He could just as easily have been talking about me. I almost look homeless when I wear jeans and a polo shirt to work these days with as many times as I've burned them or spilled acid on them. I had to go to the store and buy some new work clothes, so I headed over to Target to get some new duds.
While there I learned a great trick I'd like to pass on. I hid my glasses in my jacket pocket and grabbed a sales lady to help me. I pretended I forgot my reading glasses and asked her if she could help me. Hah! I made her look for the made in America options instead of me. She knows the inventory better than me and could do it faster anyway. After my Wal-Mart trip I know how long it can take. We (okay not we... she) looked at a lot of tags on a lot of clothes because I really wanted to just buy the clothes and be done with it for another three years. After about 30 minutes, she'd gone through every option available and did not find one single garment that had been made in America. I thanked her and left without making a purchase, but I accomplished a couple of things. One, she's now a convert to my cause. She was very nice and understood what I was doing and why. Secondly, she was going to inform her manager about the lost sale and the reason.
So now, when the next 546 of you walk in that Target, and get the same sales lady and ask her the same question, she's gonna tell you there are no made in America options at the moment because she already looked and doesn't have to go through the inventory again.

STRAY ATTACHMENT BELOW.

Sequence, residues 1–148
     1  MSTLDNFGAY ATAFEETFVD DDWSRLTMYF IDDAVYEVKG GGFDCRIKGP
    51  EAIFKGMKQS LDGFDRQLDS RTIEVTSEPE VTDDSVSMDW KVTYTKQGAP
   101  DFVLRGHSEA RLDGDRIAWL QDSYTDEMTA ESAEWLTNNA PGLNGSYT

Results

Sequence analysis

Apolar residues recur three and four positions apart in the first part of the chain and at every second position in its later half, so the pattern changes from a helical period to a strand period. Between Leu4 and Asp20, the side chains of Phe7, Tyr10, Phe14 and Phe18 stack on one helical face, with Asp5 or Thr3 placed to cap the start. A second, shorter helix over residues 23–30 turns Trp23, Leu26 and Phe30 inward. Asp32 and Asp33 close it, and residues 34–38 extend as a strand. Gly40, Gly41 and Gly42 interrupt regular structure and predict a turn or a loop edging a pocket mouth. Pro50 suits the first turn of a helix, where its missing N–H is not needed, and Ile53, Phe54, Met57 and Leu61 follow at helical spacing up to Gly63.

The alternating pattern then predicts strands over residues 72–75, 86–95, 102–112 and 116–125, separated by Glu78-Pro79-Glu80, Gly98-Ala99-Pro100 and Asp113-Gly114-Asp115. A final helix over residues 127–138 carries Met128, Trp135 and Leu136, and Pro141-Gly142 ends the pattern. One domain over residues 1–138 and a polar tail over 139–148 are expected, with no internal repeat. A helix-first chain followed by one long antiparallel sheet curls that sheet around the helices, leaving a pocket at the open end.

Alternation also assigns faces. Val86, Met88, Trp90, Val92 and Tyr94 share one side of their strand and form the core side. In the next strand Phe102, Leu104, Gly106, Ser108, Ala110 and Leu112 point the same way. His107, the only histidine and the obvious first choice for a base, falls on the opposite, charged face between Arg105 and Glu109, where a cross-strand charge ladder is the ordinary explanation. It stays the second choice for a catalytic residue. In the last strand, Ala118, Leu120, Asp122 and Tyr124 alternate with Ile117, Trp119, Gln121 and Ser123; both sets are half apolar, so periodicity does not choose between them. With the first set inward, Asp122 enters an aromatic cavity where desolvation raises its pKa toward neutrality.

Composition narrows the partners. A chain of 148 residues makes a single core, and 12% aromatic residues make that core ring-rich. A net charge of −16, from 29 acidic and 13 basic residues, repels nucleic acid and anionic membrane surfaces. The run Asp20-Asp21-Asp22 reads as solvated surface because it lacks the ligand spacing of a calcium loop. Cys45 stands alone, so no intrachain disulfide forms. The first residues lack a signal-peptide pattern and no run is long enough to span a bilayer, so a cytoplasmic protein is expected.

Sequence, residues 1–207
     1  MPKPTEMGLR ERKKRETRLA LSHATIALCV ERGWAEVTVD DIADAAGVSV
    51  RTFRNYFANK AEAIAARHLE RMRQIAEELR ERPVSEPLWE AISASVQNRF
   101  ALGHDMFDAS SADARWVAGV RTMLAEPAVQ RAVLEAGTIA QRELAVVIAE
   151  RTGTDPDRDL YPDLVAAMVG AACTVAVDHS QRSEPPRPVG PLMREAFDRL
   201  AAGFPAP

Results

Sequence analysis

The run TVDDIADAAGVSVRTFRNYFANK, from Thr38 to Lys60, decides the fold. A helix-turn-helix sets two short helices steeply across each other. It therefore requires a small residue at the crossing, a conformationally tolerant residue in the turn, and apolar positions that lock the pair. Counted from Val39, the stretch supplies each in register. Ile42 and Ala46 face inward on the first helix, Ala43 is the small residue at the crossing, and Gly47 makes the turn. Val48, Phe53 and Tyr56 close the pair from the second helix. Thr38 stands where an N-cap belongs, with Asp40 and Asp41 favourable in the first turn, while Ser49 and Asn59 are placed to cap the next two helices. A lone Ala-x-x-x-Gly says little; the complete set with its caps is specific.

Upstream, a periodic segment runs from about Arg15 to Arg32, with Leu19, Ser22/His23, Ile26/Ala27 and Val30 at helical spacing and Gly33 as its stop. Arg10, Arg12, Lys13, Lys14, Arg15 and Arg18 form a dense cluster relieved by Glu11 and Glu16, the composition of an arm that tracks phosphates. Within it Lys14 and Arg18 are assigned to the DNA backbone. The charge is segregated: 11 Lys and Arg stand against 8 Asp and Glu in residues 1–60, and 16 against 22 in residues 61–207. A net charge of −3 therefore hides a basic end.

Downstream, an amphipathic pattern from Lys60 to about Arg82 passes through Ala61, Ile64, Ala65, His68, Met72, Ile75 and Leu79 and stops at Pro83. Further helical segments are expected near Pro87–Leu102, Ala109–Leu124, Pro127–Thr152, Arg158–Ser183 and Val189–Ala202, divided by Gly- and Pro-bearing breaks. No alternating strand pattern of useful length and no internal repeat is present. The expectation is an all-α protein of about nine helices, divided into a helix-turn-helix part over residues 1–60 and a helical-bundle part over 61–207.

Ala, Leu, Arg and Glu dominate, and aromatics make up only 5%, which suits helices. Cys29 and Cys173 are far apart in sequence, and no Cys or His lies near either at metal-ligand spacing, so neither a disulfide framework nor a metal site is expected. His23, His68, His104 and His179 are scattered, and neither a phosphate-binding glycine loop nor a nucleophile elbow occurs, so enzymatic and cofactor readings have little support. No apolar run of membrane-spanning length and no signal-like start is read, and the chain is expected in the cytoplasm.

Somewhere down the line though, the manager of that department is going to have a conversation with the store manager, who's gonna have a conversation with the garment buyer, who's gonna say she's been hearing that from a lot of stores lately.
The garment buyer will tell all the store managers that she has found a few factories in America that manufacture garments and she just placed a large order, but it's going to be a couple of months before they can deliver because they have to hire 300 workers in order to fill the order. Damn. All of that because I made the sales lady look at tags for me.
I'm telling you, it's gonna work, but I can't do it alone. When you go into any store to make a purchase, make the store personnel help you find a made in America option because then you can recruit them to our cause and ask them to always recommend that option to their customers in the future.
If you're on board with me in my quest, please write and tell me your story. Hopefully it will encourage others to follow suit. And remember, in these troubled times, it is the patriotic thing to do.
About 3 o'clock the other afternoon I was hungry and wanted a snack. Turns out the only thing I could scrounge up was a package of those cheese and peanut butter crackers. Man, I love those things... except now they'll kill you. I put them back in the cupboard and went to the mini mart for something non-lethal, but it got me to thinking.